(WASHINGTON) — After President Joe Biden’s withdrawal of all U.S. troops by Aug. 31, the U.S. will continue to help U.S. citizens and residents and Afghans who worked with Americans or are otherwise at risk from the Taliban get out of the country, according to Secretary of State Antony Blinken.
But it’s unclear how that will be possible after the U.S. cedes control of the airport to the Taliban and ends evacuation flights — and it will mean leaving thousands of Afghans that the administration had previously said they would help behind.
Biden and Blinken have each said that the U.S. is “on track to complete our mission” before that Aug. 31 deadline, without specifying what the administration considers the scope of that mission — including how many Afghans they will evacuate.
In contrast, Blinken detailed how many Americans the U.S. has evacuated — some 4,500 to date — and how many the administration believes are left behind — 500 with whom the State Department has made contact with and up to 1,000 more who registered with the embassy.
“Let me be crystal clear about this — there is no deadline on our work to help any remaining American citizens who decide they want to leave to do so, along with the many Afghans who have stood by us over these many years and want to leave and have been unable to do so. That effort will continue every day past Aug. 31st,” Blinken told reporters Wednesday.
But starting on Sept. 1, that effort will rely on the Taliban, whose spokesperson said Tuesday they will not let Afghans leave the country.
In contrast, Blinken said, “The Taliban have made public and private commitments to provide and permit safe passage for Americans, for third-country nationals and Afghans at risk going forward past Aug. 31st” and to keep Kabul’s international airport running.
He added the U.S., backed by international allies, will hold them to it, without specifying how beyond using “every diplomatic, economic, political and assistance tool at my disposal (and) working closely with allies and partners who feel very much the same way.”
The U.S. is in discussions already with the international community on how to keep the airport open, according to American officials, including countries like Qatar and Turkey that have closer ties to the Taliban.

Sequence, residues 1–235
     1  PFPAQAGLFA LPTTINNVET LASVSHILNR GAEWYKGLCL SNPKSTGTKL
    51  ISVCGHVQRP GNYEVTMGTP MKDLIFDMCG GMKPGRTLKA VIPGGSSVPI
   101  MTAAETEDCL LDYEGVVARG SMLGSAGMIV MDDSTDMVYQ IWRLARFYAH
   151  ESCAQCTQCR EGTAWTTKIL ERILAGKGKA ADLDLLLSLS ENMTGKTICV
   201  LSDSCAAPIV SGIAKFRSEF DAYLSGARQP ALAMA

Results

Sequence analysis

Blinken didn’t detail what levers the U.S. could use to hold the Taliban to its promises, but he did say that if it let “people who want to leave Afghanistan” leave, upheld basic rights and prevented its territory from becoming a launching pad for terror attacks, “that’s a government we can work with.”
Pressed on whether the administration was abandoning Afghan allies, including interpreters or translators who weren’t far enough along in the special immigrant visa process, a senior State Department official told ABC News, “We have always said that we are committed to bringing out Americans who wish to be repatriated. We are going to do as much as we can for as many people as we can beyond that.”
But while the administration never specified how many Afghans that applied to, it has said repeatedly it would help those who served the U.S. military and diplomatic missions over the last 20 years.
“Our message to those women and men is clear — there is a home for you in the United States if you so choose, and we will stand with you just as you stood with us,” Biden said on July 8, before the Taliban surprised the administration with the speed with which it took over Afghanistan.
The senior State Department official said that “commitment we have to individuals who may be at risk” has to be weighed against “the safety and security of our diplomats, of our service members, of others who are involved in this operation.” Biden, Blinken and other officials have said the threat from the Islamic State group’s affiliate in Afghanistan remains high, putting U.S. military and diplomatic personnel in danger.
“We’re operating in a hostile environment in a city and country now controlled by the Taliban, with the very real possibility of an ISIS-K attack. We’re taking every precaution, but this is very high-risk,” Blinken said Wednesday.
While the U.S. has been unclear about which Afghan interpreters will be evacuated, Blinken was more explicit about pledging to help those who worked at the U.S. Embassy in Kabul. Several staffers have been blocked by Taliban fighters from approaching the Kabul airport and getting their seats on evacuation flights.
“Along with American citizens, nothing is more important to me as secretary of state than to do right by the people who have been working side-by-side with American diplomats in our embassy,” Blinken said. “We are relentlessly focused on getting the locally-employed staff out of Afghanistan and out of harm’s way, and let me leave it at that for now.”
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